"Lonesome Day" is a song written by Bruce Springsteen and initially performed by Springsteen and the E Street Band. It was the opening track of his 2002 album The Rising. It was released as a single as the follow-up to the title track on December 2, 2002 and reached #36 on the Billboard Adult Top 40 chart, #39 in the UK, and #47 in Sweden.


"Lonesome Day" sets the tone for The Rising album as one of several songs on the album with lyrics that appear to be inspired by the September 11, 2001 attacks. However, like other songs on the album, the lyrics work well as a reflection of the general human condition as well as the specific incident that occurred on September 11. The narrator of the song is attempting to deal with the loneliness due to the loss of his (or her) beloved. The narrator sings that "It's going to be okay/If I can just get through this lonesome day." But although the narrator now grieves the loss, he realizes that he did not really know his beloved that well and he acknowledges that he had been less than perfect in his relationship with the now absent beloved. The lyrics in the 2nd verse allude to the possibility of revenge: "A little revenge and this too shall pass." This is representative of one side of the conflicted feelings reflected in the album about the possible response to the September 11 attacks, where some songs like this one and "Empty Sky" allude to revenge and others, such as "Paradise" and "Worlds Apart" hope for mutual understanding. Springsteen biographer Dave Marsh interprets the lines in the 3rd verse that you "better ask questions before you shoot" as recognition that revenge will not work.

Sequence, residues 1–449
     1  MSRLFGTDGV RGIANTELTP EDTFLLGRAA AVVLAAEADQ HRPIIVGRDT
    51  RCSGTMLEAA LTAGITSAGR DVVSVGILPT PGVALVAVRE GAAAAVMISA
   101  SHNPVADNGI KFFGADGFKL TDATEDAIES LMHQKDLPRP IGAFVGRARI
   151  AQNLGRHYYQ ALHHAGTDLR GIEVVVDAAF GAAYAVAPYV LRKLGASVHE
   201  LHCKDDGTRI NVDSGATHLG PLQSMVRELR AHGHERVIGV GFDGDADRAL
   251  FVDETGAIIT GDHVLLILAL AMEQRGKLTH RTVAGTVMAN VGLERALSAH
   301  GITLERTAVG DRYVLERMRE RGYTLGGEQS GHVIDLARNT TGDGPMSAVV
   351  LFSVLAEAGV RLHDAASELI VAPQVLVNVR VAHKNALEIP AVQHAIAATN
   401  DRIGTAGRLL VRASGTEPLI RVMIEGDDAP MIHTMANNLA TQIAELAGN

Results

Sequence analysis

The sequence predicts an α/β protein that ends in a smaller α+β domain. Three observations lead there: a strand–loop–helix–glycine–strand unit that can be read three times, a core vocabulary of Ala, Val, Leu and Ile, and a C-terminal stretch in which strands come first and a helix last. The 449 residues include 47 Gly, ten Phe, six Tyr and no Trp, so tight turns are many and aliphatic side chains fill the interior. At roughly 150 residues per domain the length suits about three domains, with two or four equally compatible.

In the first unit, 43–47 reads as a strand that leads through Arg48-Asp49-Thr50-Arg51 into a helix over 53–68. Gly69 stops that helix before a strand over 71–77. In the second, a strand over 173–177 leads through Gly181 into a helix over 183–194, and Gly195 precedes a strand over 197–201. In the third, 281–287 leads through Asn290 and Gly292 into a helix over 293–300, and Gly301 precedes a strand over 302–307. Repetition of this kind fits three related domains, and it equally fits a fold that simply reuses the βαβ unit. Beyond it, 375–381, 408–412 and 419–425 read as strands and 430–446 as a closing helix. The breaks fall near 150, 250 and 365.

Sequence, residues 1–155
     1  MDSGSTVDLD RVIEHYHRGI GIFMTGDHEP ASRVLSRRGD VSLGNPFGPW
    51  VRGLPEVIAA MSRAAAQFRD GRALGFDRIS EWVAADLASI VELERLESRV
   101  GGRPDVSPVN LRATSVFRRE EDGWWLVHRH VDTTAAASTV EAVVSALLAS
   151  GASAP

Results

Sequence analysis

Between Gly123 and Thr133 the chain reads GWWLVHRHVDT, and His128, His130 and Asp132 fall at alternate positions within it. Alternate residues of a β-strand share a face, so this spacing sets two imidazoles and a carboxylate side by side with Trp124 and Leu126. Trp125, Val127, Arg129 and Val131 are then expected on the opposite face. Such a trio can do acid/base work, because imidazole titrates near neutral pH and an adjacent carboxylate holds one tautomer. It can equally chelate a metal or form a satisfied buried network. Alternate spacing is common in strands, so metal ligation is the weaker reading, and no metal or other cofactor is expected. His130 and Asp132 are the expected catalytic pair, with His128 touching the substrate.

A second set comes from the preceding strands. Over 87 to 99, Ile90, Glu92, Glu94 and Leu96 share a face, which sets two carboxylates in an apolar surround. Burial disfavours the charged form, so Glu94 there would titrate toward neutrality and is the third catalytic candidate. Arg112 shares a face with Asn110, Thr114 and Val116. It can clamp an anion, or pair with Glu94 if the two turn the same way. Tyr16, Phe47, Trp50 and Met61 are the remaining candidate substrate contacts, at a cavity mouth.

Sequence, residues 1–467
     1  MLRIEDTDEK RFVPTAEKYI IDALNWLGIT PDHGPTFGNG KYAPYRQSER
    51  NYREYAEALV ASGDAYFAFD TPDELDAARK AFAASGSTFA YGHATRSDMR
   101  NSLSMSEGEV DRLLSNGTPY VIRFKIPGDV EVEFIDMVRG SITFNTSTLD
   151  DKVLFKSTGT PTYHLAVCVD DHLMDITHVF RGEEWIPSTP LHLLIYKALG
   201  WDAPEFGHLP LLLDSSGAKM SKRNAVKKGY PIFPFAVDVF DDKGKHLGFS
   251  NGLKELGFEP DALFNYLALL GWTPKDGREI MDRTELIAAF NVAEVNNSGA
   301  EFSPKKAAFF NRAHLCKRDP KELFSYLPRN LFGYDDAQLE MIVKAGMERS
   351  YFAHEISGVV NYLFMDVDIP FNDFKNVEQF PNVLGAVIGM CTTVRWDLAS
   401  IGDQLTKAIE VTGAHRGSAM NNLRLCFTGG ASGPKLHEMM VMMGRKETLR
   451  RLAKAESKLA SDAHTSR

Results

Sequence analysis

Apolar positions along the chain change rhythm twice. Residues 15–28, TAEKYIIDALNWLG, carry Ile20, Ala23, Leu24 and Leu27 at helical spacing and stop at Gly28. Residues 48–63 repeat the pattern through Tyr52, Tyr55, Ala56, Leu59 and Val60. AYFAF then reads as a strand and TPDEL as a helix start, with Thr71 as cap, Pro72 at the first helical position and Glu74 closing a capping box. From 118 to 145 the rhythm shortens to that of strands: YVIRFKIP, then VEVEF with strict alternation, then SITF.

"Lonesome Day" also sets the tone for the album musically. It is a midtempo rock song that also has country music elements. Soozie Tyrell's strident violin is prominent, introducing one of several new musical textures that the E Street Band employs on the album. Producer Brendan O'Brien himself plays a hurdy gurdy, which musically hints that the narrator is remembering an innocent past that never was.

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